Picture one you see a short two x four cut to the same length as the panel face is wide.  This will be fastened to where the toe kick will be installed.  Picture two; this is the filler for the sides of the prefab cabinets.  Drill three holes using a 3/16 inch wood bit drill all the way through the inside stile of the prefab stock kitchen base cabinet where the filler goes.  One screw on top, middle, and bottom.  Install the filler wood on the side of the stock base cabinet using 2 inch screws, screwing from inside of the stock cabinet out into the filler.  You can take the doors off and use clamps to hold everything in place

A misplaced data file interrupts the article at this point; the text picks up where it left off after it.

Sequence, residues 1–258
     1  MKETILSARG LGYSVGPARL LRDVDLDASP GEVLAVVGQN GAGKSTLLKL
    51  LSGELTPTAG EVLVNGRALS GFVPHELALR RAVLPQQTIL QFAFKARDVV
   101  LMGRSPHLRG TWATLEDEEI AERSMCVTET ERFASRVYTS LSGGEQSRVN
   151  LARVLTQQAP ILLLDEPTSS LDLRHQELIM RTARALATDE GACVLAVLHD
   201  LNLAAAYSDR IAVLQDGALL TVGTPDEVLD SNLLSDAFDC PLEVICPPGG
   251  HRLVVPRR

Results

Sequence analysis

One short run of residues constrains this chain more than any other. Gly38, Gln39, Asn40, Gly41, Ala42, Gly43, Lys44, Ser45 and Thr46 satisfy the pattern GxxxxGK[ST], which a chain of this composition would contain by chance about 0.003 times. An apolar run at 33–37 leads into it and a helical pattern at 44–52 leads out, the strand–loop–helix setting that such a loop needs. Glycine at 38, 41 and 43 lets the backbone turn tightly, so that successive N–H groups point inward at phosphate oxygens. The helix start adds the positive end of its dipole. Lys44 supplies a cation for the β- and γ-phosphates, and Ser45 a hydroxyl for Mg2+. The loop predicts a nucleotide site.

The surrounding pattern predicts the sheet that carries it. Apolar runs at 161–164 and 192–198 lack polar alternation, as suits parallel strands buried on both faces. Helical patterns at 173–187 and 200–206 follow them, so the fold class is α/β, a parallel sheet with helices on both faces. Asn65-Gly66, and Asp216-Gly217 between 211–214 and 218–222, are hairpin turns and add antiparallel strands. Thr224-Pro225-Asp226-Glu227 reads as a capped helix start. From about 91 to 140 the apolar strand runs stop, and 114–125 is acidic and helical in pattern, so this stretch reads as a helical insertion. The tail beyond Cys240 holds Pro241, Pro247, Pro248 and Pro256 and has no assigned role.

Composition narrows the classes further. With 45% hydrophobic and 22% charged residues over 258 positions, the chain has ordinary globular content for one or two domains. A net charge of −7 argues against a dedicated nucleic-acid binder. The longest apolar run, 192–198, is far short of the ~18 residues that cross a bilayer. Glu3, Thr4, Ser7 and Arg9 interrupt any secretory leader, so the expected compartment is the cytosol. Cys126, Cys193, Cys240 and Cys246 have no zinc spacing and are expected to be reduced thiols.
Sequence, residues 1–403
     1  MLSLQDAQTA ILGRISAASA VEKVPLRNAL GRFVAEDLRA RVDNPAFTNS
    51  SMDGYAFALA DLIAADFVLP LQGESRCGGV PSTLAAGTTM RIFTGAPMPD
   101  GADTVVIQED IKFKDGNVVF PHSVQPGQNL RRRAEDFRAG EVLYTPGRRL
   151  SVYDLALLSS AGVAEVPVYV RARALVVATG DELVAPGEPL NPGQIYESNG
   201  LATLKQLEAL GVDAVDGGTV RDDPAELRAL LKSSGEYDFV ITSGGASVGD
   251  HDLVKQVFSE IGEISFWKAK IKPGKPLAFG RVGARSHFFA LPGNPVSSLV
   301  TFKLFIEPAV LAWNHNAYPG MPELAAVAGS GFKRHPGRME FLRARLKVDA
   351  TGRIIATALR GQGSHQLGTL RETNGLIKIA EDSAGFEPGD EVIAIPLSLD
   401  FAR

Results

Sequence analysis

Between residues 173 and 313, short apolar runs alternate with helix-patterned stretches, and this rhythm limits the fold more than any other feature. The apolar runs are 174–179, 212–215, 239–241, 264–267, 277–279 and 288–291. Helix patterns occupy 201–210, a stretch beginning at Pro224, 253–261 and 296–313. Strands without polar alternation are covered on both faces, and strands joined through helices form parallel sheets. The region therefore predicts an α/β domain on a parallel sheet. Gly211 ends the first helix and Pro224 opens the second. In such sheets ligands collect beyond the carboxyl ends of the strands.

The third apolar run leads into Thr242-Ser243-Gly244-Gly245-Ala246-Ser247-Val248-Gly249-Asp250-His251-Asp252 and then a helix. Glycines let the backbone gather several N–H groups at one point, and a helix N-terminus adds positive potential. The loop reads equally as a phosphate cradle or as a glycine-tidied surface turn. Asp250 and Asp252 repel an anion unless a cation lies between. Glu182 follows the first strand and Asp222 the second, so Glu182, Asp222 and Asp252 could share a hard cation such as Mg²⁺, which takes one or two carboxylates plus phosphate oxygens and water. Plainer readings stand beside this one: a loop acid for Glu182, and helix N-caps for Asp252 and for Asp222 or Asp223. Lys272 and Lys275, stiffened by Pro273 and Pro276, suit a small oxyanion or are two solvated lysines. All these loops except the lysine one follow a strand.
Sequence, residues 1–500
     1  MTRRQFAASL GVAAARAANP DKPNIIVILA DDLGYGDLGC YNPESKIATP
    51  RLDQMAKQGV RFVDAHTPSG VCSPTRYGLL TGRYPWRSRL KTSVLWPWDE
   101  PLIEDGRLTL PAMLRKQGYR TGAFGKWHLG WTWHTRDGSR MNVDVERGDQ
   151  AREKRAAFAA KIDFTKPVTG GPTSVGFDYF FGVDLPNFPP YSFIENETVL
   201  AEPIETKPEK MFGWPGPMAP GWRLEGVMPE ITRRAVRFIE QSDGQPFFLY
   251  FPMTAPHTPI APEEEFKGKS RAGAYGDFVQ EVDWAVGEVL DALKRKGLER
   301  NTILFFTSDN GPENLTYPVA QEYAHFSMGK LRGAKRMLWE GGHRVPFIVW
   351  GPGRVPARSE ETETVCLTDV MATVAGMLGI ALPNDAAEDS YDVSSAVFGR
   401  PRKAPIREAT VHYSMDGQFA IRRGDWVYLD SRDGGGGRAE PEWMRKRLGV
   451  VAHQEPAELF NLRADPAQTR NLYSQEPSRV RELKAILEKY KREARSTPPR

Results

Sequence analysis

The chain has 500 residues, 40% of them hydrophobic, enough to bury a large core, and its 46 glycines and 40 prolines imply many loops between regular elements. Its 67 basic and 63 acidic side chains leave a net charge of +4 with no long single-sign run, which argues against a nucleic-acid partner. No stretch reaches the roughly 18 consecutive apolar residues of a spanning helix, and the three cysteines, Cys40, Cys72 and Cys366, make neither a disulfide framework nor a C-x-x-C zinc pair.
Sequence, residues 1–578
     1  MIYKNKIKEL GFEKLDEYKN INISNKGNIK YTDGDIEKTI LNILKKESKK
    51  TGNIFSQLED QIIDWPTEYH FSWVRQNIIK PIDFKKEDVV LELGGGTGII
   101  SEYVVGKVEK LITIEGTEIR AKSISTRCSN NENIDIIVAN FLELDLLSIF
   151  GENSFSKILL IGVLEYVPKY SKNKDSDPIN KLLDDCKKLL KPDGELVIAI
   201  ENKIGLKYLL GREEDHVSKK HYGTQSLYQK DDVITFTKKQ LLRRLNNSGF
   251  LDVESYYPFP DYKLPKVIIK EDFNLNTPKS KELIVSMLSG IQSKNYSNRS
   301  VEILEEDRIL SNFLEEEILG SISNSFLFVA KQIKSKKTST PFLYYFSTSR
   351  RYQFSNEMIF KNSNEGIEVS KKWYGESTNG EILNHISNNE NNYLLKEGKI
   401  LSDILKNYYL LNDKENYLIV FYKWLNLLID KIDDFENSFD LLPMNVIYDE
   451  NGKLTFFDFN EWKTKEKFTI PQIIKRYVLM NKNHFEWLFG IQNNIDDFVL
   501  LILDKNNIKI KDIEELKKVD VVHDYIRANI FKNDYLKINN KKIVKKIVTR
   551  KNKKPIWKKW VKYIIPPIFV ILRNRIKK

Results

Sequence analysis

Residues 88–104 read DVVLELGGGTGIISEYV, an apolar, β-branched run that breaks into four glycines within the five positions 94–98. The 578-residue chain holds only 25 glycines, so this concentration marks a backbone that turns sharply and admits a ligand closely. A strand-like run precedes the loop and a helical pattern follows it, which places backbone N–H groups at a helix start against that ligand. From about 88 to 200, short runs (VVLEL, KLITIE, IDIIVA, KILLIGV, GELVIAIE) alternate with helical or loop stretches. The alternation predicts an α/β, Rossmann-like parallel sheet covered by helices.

This is where the stock kitchen base cabinets come together in 90 degree inside corner.  What kind of drawer pulls will tell you if your filler is wide enough between the prefab stock cabinets.  Middle picture you will see what is called scribe moulding 3/16 x 3/4.  It covers up the gap you will have using prefab stock cabinets on bowed walls.  Third picture you see the toe kick.  The two x lying on the floor is cut twenty inches long.  The length of how far out from the wall the toe kick is.  This is where you nail your 1/8 inch thick finished pressed paper toe board.  Now you know why you need the two x.  See the shim under the cabinets?